There are a few new tricks that I've learned, I think. One is a trick that I learned while doing that finger monster tracking exercise. I've been doing my best to be receptive about the way my eyes feel while doing the exercise. When I move the monster to my suppressing left eye side it feels a bit uncomfortable and strange. I should be able to see it very well because it's inches in front of the eye, but I can't because that eye is effectively blind (suppressed at the cortex level--not actually blind-blind).
So I focus on that area quite a bit and I try to focus and see it as much as possible even though it's difficult. Through the week I've been doing that I've noticed substantial improvement in control and the range with which I can look at objects with both eyes. I actually do that exercise for ten minutes now that I've come to the conclusion that it's really doing something valuable for me. I'm going to keep doing that until I've absorbed the exercise so that it's no longer uncomfortable and awkward. It shouldn't feel awkward and it shouldn't be difficult to see something that's right in front of my face!
Another thing that I started doing is about five to ten minutes of anti-suppression Solitaire. I see quite a bit of black, which means that I'm still suppressing quite a bit. It's been a while since I've done anti-suppression exercises like this since I haven't found them to be useful in the past. But I suspect that now is the time that I start doing it because my eye control is much better than it used to be so, in theory, my brain should be able to roll with the exercise better. Before what I think was happening is that I would do the anti-suppression exercises, but because my eye control was pretty bad, I would still get a lot of visual conflict, and so that visual conflict would trigger suppression. One step forward, one step backward. But because now as a result of my much improved eye control, my visual conflict has gone down, I'm thinking that it might be the right time to start doing this type of anti-suppression exercise. One step forward, another step forward, and so on, without the backtracking, is my reasoning and hope.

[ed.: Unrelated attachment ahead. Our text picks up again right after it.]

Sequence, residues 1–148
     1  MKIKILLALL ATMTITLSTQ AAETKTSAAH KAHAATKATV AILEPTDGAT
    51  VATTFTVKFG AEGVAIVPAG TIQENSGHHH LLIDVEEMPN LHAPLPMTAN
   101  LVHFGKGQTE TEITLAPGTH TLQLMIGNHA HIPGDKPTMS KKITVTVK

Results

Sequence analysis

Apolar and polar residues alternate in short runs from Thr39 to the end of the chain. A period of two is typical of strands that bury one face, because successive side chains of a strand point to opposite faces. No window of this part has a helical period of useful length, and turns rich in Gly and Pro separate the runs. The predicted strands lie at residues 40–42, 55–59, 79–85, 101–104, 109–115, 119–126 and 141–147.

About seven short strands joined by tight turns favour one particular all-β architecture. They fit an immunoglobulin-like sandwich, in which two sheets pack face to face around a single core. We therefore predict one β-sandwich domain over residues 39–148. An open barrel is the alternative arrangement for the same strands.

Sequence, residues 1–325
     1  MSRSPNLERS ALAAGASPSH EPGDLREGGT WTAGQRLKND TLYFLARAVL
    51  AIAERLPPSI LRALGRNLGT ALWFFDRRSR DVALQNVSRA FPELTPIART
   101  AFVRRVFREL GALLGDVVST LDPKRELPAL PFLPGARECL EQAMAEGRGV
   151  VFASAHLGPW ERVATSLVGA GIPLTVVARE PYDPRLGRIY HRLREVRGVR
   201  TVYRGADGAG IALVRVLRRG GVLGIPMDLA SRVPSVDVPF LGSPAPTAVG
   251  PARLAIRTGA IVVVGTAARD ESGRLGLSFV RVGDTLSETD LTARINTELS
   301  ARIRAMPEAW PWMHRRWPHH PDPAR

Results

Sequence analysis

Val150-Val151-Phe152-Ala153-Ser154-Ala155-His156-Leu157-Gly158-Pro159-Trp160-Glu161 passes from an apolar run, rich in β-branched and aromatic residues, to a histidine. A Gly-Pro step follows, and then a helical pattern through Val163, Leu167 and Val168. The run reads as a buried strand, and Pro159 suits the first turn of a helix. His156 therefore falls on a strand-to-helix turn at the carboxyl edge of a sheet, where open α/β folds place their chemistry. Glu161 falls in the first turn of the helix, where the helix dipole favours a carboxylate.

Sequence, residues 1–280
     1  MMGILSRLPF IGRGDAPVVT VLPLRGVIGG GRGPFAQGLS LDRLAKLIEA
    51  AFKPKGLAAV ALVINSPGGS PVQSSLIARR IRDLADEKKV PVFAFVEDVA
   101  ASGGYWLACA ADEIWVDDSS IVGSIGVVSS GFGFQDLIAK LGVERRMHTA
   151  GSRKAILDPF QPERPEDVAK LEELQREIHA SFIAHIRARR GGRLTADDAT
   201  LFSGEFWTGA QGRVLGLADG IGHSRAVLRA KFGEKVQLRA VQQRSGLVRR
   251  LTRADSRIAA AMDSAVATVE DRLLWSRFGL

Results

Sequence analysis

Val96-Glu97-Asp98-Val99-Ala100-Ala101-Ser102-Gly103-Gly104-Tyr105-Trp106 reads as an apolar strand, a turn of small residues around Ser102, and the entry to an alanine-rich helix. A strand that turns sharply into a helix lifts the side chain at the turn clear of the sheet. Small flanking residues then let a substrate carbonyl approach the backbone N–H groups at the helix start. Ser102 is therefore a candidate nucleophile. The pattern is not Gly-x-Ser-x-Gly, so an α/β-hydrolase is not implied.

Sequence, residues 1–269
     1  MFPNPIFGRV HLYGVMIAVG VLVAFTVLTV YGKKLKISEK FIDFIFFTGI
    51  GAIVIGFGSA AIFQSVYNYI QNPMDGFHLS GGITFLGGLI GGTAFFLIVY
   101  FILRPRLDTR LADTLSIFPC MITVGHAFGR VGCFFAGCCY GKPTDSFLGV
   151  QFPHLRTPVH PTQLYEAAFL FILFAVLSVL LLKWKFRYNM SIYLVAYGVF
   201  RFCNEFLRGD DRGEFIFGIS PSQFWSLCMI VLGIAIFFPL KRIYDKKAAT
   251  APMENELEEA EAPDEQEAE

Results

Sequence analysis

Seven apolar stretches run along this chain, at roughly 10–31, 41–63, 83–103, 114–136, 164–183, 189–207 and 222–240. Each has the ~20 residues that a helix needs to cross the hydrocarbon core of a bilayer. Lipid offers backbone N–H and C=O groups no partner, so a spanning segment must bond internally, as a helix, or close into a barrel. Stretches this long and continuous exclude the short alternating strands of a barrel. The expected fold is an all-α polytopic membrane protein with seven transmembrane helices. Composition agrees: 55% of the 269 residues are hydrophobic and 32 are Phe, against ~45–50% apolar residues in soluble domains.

I do that for about ten minutes followed by playing some Metro 2033: Last Light in stereo 3d. This is by far one of the best games I've ever played, period. It renders in stereo with zero glitches or weird graphical artifacts. The visual quality and atmosphere of the game is on a level that I haven't seen in any other game. To be sure, it is a GPU killer, especially while rendering in stereo 3d. The good thing about playing games in stereo is that they are designed to stimulate the binocular depth neurons, and so they are very good at producing powerful stereo 3d effects--even more than what you'd normally see in real life. So even with someone like me who is stereo-challenged, I can still get a reasonably decent stereo effect as a result of the high power of the stereo cues. So when my eyes improve, the gaming experience improves quite a bit, especially when playing the game immediately after doing anti-suppression Solitaire. It's something to look forward to.